Continue until the level of the hammered soil is about 200mm from the surrounding ground level.
Step 3: Fixing the beams
Once this level is set, cut all of the posts to this string level height.The next step will be to notch each post so that the beams will be able to sit onto something. Using the level line, calculate how deep the notch will be. This will usually be the size of timber beams you are using. In this example I have used a 100 x 50mm timber section, therefore cut down 100mm and into the post 50mm from the front of the post. Cut out with a saw as level as possible.
Sit the beams on the notches and prepare to fix to the posts.With the beams in place, drill holes and screw beams to the posts. Ensure that the screw is long enough to go through both. Countersink holes if you like. If you have any corners, these may want to be mitred, however these sort of decisions are up to you.
Step 4: Placing brances
With the posts and beams placed, now it is time for the most difficult part. Placing the branches is a trial and error process and is quite time consuming. However for the ease of completing this, I do have a few tips.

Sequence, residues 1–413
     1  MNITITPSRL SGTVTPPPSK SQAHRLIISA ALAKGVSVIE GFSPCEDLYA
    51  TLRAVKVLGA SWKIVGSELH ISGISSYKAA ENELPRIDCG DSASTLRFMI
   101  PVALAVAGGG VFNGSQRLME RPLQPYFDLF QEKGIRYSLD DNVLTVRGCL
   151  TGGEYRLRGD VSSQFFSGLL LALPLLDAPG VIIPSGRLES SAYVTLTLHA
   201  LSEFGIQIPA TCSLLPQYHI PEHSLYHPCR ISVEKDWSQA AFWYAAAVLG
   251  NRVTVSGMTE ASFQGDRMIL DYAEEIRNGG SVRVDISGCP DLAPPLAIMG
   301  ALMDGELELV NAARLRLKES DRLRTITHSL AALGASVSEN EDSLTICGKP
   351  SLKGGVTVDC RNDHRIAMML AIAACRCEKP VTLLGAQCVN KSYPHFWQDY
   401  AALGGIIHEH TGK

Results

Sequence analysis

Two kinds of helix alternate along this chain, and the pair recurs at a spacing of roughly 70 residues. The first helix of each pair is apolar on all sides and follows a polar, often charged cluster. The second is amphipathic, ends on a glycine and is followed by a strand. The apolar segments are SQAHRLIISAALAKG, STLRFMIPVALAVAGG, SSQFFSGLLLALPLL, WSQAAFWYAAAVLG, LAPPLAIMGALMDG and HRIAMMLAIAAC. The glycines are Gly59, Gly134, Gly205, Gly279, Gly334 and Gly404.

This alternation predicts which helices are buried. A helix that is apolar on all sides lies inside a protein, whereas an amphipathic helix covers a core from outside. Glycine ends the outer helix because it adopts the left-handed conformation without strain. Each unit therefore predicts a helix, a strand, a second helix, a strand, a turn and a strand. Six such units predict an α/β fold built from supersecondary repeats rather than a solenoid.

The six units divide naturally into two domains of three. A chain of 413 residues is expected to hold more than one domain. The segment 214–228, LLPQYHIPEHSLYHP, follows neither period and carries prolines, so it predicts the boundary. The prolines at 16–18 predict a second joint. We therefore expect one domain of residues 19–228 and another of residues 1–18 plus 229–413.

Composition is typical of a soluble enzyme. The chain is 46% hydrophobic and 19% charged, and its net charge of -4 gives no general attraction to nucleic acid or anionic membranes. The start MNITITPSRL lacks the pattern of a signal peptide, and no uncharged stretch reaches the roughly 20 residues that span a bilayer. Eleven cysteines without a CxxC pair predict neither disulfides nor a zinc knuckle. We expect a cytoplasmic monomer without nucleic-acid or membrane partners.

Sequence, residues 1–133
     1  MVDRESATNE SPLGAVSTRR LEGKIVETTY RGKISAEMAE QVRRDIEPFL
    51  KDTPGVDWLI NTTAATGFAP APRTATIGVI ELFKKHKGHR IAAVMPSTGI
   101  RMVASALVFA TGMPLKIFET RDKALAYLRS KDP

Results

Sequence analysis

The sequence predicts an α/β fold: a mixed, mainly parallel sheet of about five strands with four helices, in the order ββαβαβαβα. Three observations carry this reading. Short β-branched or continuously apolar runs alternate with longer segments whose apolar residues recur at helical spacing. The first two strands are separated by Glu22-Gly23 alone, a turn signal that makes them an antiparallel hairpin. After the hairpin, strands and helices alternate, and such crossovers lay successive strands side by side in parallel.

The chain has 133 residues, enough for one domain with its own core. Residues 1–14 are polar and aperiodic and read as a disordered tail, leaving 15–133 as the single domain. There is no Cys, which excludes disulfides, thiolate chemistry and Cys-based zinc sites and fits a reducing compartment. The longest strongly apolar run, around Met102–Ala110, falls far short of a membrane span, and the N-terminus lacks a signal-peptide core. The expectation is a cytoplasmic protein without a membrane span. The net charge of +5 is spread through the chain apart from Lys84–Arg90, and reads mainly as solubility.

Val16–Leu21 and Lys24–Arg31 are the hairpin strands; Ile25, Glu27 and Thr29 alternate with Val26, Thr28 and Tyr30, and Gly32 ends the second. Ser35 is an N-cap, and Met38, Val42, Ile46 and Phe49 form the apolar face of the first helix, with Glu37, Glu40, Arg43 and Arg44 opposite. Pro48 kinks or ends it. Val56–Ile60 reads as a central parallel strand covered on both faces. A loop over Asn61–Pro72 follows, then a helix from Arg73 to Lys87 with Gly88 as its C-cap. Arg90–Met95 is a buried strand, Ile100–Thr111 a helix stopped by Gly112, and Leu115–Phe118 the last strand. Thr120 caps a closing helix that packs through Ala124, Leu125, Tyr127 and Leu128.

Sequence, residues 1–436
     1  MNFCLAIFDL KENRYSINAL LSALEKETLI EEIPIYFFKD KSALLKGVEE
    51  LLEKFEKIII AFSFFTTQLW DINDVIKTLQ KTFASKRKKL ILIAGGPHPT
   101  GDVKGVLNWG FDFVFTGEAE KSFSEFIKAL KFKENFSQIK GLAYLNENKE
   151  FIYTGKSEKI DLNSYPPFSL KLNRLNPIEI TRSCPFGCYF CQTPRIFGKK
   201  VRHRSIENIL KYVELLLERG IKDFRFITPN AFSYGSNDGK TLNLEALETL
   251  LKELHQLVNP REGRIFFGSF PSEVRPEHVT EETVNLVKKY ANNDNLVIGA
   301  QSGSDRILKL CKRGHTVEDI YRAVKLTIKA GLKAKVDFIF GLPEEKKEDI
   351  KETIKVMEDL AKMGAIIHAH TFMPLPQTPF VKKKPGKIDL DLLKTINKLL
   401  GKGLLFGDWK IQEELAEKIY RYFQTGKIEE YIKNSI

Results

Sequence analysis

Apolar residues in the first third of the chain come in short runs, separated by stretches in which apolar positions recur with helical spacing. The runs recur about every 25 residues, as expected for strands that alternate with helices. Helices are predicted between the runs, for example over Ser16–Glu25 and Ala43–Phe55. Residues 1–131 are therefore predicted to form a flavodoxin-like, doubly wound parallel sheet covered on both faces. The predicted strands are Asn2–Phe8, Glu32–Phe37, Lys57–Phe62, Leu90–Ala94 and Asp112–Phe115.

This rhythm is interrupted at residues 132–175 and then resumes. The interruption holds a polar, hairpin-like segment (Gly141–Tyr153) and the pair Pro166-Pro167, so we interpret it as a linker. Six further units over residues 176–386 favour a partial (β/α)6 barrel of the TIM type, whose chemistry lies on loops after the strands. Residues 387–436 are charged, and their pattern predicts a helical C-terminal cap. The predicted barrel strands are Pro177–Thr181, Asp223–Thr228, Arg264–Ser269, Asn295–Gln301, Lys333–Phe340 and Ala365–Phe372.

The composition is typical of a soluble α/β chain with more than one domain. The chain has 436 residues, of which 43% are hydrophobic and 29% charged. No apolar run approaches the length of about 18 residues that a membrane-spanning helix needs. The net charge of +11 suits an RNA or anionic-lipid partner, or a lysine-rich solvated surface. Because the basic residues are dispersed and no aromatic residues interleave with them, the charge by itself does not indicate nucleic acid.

Firstly dig a trench between the posts about 200mm deep and 200mm wide, this will allow the branches to be placed into the earth in order to spread the force between the beams and the ground, meaning the wall will not fall over when soil is loaded behind it. Select only branches which are between 10 and 50mm in diameter and that will span from the bottom of the trench to the top of the beam. Start placing the branches alongside each other, attempting to eliminate or minimise gaps, place branches about 3 deep at this stage. Once the branches have been placed between 2 posts, fill in behind the branches with soil and stamp down with your foot. This will ensure that the branches stay roughly in the same place.